• Begonia (Begonia semperflorens)
  • Calla Lily (Zantedeschia aethiopica)
  • Azalea (Rhododendron)
  • Hostas (Plantain lilies)
  • Jade Plant (Crassula ovata)
  • Aloe (Aloe vera)
  • Daffodils (Narcissus)
  • Tulip (Tulipa)

Alocasia (Alocasia macrorrhizos)

Alocasia is a houseplant, alternatively referred to as the elephant ear plant because of its large and pointed leaves. It is a genus of plants of the family Araceae. It has about 79 species, originating from a wide range of areas, such as the Eastern Himalayas, to tropical regions of the Western Pacific and Eastern Australia.

Alocasia plants may, however, be very toxic to dogs. The Elephant’s ear contains insoluble calcium oxalate, which has a crystal that can cause injury in the mouth of the dog. Skin contact can also cause burning skin pain, eye irritation, redness, and inflammation. At the same time, ingestion may lead to abdominal pain, diarrhea, lack of appetite, speaking difficulty, drooling, and much more.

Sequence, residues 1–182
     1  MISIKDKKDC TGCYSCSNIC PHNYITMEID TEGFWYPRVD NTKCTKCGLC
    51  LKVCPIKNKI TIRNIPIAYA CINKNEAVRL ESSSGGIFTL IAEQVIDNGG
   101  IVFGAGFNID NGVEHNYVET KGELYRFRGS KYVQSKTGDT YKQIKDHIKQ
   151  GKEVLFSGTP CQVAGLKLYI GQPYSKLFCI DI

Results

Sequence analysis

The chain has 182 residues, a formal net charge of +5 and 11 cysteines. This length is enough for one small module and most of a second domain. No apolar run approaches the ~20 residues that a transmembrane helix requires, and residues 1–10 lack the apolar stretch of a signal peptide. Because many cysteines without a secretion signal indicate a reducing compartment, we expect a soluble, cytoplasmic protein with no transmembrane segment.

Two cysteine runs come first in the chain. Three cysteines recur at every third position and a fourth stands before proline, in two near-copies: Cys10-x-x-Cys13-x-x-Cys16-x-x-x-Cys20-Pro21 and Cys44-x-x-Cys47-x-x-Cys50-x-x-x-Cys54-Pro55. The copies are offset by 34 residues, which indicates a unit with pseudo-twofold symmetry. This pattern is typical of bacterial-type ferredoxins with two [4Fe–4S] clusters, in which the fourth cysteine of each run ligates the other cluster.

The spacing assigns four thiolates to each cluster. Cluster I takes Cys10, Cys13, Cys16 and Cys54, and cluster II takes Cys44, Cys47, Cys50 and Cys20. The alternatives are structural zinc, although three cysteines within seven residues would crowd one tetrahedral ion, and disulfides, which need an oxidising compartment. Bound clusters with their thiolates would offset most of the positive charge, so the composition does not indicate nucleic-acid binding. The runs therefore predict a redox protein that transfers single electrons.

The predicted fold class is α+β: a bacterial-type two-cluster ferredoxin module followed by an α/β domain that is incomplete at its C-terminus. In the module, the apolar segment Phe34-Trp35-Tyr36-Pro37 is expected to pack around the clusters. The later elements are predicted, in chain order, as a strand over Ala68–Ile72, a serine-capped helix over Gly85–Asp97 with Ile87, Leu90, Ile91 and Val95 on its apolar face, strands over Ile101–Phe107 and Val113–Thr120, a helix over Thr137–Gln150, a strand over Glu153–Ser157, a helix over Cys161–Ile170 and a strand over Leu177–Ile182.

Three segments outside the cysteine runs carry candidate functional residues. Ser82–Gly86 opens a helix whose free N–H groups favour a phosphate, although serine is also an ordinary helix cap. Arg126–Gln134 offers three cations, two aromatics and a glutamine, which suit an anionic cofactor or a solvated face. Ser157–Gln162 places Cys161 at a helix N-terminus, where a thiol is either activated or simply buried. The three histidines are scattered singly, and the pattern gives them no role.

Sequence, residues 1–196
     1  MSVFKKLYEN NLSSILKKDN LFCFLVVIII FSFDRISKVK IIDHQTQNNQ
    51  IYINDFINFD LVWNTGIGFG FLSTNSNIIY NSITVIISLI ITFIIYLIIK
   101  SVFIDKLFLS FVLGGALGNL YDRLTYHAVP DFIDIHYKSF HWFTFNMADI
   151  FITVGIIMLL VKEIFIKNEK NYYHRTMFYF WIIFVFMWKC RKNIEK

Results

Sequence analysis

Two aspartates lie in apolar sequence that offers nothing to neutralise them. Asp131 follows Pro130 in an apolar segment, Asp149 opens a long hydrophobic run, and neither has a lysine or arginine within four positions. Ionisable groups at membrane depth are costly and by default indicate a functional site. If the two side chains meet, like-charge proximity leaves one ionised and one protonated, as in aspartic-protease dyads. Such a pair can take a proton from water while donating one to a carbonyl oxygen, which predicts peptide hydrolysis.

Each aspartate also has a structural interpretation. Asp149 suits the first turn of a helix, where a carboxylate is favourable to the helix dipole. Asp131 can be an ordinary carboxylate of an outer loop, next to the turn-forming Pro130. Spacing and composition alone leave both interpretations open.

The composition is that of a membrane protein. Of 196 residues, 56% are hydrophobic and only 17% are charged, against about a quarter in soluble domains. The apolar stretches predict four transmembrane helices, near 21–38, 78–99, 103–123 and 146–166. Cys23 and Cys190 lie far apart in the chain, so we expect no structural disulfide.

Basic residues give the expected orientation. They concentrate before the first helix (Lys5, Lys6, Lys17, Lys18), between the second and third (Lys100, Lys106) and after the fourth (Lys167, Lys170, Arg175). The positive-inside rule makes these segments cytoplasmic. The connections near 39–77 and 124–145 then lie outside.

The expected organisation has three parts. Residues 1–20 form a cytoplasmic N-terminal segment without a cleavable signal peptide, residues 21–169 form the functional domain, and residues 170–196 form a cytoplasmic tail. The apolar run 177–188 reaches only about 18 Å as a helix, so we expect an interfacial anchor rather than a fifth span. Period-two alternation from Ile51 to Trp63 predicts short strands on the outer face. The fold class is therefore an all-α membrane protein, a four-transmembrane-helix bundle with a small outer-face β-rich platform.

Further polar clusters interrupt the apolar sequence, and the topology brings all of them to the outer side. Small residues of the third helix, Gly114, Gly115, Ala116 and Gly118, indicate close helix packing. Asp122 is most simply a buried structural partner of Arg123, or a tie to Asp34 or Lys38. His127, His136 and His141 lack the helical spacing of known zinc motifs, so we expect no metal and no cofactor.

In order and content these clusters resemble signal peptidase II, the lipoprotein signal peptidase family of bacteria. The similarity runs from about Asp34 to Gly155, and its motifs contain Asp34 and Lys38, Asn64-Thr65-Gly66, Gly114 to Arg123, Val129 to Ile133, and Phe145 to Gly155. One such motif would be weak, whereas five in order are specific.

Arrowhead Plant (Syngonium podophyllum)

The Arrowhead Vine is a plant with spade-shaped leaves and markings on them. Also called the goosefoot plant and botanically, Syngonium podophyllum is found mainly in tropical areas of Central America and South America. However, it is also cultivated as a houseplant.

The Arrowhead plant, however, has insoluble calcium oxalate crystals, which may cause intense irritation or pain when swallowed. It can also cause diarrhea, dilated eyes, excessive drooling, hoarse barking, vomiting, numbness, etc.

Strelitzia (Strelitzia reginae)

Strelitzia, the bird of paradise, is a great ornamental plant native to South Africa. Grown as an indoor plant and for its cut flowers, it would appear toxic to dogs when ingested. Its flower seeds contain toxic tannins, and flowers with hydrocyanic acid can cause labored breathing, eye discharge, and digestive discomfort.

Chrysanthemum (Chrysanthemum morifolium)

Although they are lovely, the chrysanthemums are as deadly to dogs as they are beautiful. They are also known as daisies; this gorgeous flower comes in several colors, depending on varying species. They contain, however, sesquiterpene, lactones, pyrethrins, and other potential irritants to a dog. It can also cause vomiting, diarrhea, hypersalivation, and incoordination.